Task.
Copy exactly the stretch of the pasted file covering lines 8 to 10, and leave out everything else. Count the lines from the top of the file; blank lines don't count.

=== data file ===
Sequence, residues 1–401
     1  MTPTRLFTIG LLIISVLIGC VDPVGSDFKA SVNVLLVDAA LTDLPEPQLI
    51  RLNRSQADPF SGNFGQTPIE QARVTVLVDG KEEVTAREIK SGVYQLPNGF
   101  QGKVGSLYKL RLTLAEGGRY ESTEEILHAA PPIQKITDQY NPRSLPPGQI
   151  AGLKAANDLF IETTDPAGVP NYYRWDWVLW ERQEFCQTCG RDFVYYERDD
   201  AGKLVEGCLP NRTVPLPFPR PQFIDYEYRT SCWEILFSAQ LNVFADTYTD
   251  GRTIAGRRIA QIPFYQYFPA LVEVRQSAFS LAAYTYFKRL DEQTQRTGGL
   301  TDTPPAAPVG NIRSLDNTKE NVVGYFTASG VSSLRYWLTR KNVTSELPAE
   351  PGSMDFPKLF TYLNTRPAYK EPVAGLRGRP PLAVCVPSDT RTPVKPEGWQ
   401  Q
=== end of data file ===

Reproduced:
   301  TDTPPAAPVG NIRSLDNTKE NVVGYFTASG VSSLRYWLTR KNVTSELPAE
   351  PGSMDFPKLF TYLNTRPAYK EPVAGLRGRP PLAVCVPSDT RTPVKPEGWQ
   401  Q